I wanted to answer all your post one by one, but mine's could be too large, so I will write a general answer here for all without quotes.
The transmitter, like the receiver is fully integrated, RF on one end, SPI on the other, so one would need to instrument one or the other to gain insight into the over-the-air protocol. Neither is a trivial task, but both should be possible.
The datasheet says that chip is SPI - so put a logic analyser on the the SPI bus?
The alternative requires high-end RF lab equipment with demodulation capabilities...
I don't have any logic analyzer right now, maybe I should buy one, but I'm not sure about that.
My guess - you want to capture transmitted signal by arduino, make arduino as receiver ???
(GDO 1) and GDO 2 = demodulated pulses from where you can take them to arduino.
Yes, I want my arduino as a receiver.
Download Visual Analyser to your PC, you may see something.
Make a wire loop 5 cm diameter, the ends of the loop to microphone PC plug, transmitter inside of the loop.
A simple 433 MHz receiver, combined with Audacity on a laptop, might work to intercept and decode the RF signal.
However, the method in described in the tutorial will work only if the transmitter chip is using the OOK method of data encoding, rather than FSK or GFSK.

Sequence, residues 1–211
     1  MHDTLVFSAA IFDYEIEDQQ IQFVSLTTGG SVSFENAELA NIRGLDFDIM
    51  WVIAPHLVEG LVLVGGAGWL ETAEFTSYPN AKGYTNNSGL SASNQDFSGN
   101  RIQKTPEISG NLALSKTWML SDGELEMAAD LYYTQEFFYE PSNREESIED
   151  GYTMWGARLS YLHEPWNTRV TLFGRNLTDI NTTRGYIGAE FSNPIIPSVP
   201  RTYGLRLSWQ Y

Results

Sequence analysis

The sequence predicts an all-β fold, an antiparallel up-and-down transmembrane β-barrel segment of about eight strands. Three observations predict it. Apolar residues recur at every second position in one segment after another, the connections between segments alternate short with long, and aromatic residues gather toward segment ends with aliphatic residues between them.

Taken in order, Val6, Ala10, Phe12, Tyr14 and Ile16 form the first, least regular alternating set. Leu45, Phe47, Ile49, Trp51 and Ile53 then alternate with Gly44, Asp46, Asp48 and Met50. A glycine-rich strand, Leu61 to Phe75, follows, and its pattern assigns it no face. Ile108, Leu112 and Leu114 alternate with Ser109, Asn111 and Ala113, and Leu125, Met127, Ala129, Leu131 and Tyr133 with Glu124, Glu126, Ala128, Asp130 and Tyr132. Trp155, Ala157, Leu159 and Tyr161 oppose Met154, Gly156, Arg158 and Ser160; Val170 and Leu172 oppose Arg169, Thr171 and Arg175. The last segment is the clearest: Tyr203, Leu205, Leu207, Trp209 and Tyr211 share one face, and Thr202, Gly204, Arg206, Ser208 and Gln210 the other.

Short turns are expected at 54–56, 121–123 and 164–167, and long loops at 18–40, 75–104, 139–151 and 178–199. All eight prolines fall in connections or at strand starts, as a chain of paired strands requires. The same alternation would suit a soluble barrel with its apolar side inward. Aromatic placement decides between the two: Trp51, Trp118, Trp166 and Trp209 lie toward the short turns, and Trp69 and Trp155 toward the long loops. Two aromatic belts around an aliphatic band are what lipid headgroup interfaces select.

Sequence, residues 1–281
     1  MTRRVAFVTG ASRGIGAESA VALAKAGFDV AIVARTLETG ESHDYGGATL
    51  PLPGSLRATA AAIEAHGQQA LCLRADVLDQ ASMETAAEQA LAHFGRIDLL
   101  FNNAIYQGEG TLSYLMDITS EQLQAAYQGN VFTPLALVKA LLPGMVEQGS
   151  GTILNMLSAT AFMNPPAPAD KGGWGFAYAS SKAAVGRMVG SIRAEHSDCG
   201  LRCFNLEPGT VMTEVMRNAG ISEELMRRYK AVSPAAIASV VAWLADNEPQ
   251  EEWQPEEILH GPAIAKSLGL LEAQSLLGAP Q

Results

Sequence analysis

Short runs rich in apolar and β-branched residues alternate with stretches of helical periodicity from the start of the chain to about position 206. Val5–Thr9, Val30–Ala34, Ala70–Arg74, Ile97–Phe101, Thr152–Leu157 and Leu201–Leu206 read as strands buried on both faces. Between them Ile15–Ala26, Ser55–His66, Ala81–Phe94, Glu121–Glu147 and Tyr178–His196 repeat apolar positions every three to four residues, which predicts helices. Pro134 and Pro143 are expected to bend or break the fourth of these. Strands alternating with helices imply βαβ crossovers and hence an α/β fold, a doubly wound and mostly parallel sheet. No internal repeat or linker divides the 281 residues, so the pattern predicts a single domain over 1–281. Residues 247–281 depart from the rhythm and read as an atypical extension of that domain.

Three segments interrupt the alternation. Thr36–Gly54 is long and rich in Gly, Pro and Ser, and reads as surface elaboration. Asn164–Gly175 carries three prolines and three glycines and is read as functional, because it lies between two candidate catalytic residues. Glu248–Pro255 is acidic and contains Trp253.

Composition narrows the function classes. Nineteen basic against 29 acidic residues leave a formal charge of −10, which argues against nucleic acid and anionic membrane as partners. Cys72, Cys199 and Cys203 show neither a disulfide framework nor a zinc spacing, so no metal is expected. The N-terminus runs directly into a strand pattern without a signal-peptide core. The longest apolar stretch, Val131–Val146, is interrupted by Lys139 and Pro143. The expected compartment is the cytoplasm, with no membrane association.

I tried with a simple 433MHz receiver without Audacity, only looking at arduinos IDE's serial monitor, and I only saw noise, nothing happened when I pressed the switch. I was thinking on use audacity (I have already seen that rayshobby tutorial, thanks ), but my question is, if I didn't see any change in the serial monitor, will I see anything with audacity? If I can't see anything, maybe the transmiter is not using the OOK method, as you said @jremington....
One of the more interesting things about this device is the battery-free remote. The cnx article has a broken link to a Coilcraft page, but I did find this general article on energy harvesting techniques.
Agreed! Looks like a simple moving magnet + coil generator. However, my automobile key is coin battery operated and has worked for 13 years of daily use without a change of batteries.
Yep, I found this wireless switches without batteries, and the energy harvesting in general, very interesting.